-Saying, "YES," to as many spontaneous invitations as possible!!!


You may have a similar or dissimilar max price list. The most important thing to realize is we almost never max out every budget line of a trip. If the plane tickets are a good deal, then our lodging budget can linger in the max range. In Berlin, my trip was so cheap (see below), I ate like a queen the whole weekend! I knew I could fly to Morocco, Norway, and Sweden in 2015 because I had free places to stay.


My Real Trip Stats from Last Year: Transport & Lodging

Glasgow, Scotland: 44 USD
3 nights for 40 USD (+180 USD AirBnB discount), 4 USD bus from Edinburgh

Wassenaar, Netherlands: 190 USD
6 nights for free, 190 USD flight from Glasgow
(I get paid to go there to work a volleyball camp. Super free.)

Madrid, Spain: 362 USD
7 nights for 242 USD, 120 USD round trip flights

Berlin, Germany: 75 USD
3 nights for 35 USD, 40 USD round trip buses

Milan, Italy: 165 USD
3 nights for 90 USD, 75 USD round trip flights

Vienna, Austria: 40 USD
5 nights for free, 40 USD one-way trains
(Marc had a basketball tournament there, and I met them there then returned home with the team.)

Ljubljana, Slovenia: 99 USD
3 nights for 39 USD, 60 USD for combination of round trip trains and buses

Prague, Czech Republic: 85 USD
2 nights for 40 USD, 45 USD for round trip buses

Paris, France: 75 USD
25 nights for free (I have lots of friends!!), 75 USD round trip flights

Algarve, Portugal: 550 USD
13 nights for 400 USD, 150 USD round trip flights

Florence, Italy: 75 USD
2 nights for free, 75 USD round trip flights


One year of amazing adventures in several countries (thank you, Europe!) for approximately 1760 USD. Even with the largest costs of our two major trips to Spain and Portugal, I floated around the continent for less cost than most people will spend on their two week European tour.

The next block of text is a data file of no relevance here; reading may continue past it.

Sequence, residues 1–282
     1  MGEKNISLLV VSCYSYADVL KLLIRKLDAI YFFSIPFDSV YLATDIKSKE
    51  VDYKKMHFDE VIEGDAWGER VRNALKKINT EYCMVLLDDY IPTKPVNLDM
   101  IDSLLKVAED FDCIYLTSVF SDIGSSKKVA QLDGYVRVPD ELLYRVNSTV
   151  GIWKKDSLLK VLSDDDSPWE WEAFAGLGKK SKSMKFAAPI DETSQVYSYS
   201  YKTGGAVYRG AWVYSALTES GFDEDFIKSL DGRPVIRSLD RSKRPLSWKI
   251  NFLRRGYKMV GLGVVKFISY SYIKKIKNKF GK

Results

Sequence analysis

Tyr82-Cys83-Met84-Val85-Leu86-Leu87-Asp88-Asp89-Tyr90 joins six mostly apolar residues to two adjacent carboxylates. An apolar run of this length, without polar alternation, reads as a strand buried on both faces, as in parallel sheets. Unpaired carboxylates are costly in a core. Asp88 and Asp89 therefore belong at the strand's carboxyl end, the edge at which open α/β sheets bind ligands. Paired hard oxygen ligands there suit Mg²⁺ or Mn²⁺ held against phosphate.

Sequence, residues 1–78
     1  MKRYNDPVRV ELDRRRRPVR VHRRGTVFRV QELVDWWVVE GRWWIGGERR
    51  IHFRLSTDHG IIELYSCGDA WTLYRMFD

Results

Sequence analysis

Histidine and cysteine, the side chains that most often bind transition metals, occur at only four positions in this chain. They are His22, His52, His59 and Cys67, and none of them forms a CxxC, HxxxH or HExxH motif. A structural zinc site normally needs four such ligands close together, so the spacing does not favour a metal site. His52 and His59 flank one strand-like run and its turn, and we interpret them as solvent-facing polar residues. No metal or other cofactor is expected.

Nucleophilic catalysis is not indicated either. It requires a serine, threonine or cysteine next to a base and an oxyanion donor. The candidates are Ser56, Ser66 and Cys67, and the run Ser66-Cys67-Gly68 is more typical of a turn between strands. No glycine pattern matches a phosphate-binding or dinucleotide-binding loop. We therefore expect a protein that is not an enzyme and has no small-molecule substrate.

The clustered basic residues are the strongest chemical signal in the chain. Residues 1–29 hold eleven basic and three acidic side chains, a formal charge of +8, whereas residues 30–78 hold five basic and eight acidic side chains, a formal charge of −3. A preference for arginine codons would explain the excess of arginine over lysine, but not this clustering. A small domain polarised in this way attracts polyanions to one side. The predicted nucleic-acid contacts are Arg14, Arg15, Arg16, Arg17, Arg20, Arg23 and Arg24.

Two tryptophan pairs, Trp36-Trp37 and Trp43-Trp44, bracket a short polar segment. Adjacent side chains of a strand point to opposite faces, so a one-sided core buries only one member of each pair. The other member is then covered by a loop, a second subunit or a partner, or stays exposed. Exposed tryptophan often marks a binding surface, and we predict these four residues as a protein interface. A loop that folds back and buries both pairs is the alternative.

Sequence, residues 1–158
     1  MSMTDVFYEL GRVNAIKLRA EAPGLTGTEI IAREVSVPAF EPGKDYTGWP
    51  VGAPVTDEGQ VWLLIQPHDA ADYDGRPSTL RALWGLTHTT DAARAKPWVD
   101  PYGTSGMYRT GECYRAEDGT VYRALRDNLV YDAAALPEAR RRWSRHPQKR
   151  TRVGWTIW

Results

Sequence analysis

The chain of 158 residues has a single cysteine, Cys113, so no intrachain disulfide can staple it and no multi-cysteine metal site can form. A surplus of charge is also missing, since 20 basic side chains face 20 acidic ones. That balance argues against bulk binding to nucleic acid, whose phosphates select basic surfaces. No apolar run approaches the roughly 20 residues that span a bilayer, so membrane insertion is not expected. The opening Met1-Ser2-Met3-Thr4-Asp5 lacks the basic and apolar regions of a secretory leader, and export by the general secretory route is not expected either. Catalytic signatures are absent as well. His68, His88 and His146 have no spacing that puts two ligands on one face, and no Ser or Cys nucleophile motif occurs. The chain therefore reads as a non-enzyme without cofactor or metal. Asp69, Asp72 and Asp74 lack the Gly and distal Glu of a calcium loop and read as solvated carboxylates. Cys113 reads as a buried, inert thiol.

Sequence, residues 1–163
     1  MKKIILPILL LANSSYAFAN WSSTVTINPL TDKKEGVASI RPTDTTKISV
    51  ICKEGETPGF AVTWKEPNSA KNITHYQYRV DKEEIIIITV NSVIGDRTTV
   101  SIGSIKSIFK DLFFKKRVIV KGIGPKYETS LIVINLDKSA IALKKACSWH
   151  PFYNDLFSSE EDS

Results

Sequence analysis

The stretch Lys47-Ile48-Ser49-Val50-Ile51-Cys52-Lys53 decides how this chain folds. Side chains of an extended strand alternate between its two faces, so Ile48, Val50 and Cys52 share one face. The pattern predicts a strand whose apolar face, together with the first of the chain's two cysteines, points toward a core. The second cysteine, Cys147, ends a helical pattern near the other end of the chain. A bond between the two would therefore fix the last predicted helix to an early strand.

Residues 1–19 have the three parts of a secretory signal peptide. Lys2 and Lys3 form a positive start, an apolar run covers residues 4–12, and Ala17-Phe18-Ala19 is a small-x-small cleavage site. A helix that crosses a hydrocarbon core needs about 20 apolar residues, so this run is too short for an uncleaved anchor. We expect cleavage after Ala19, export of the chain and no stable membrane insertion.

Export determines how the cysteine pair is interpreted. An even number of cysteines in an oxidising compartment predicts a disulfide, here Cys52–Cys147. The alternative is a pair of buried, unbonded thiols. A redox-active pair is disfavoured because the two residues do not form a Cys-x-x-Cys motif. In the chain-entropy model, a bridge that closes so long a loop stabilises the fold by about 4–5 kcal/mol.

For seventy-two nights away from home, the average nightly cost was only 12.31 USD - nowhere near my max limit. I averaged 114 USD on round trip airfare and 38 USD when I took trains or buses.

I don't start the year with these crazy ideas about how to go to as many places as possible. I know when my free weekends are in advance, and I do some cursory research to see if any place is affordable at the right time. If it's not, I don't go!

Where will I go this year?

Probably Spain and Portugal. Gotta get to Paris and the French volleyball tournament in Annecy in the spring. Would love to go to Denmark and Sweden next summer. After those general ideas, it'll be whatever places and prices match up the best, IF they do at all.

The best thing about being an expat is that even if we wouldn't get to fly anywhere this year, we live in Europe. And that means everyday feels like an adventure - for free!

MummyTravelswanderful wednesday
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August 16, 2016

Chicago Snapshots

The last three summers, I have spent extra time trying to be creative with my time in the USA. If I'm going to fly halfway around the world once a year, may as well edge in some bonus adventures, right? The other plus is that these extended layovers really help me with my jet lag because my time zone has to adjust to wherever I happen to be.

2014: Philadelphia Layover
2015: East Coast to Wisconsin to Idaho to California
2016: Chicago Snapshots (with inspiration from my French friend's trip!)

[For all of the random things we end up doing in the USA, you can check out our #SwagVilUSA hashtag.]

My main ticket was a round trip from Munich to Chicago. I used frequent flyer miles to get my tickets in and out of California. This meant I had total freedom as to when I could land in Chicago before my red-eye flight back to Europe.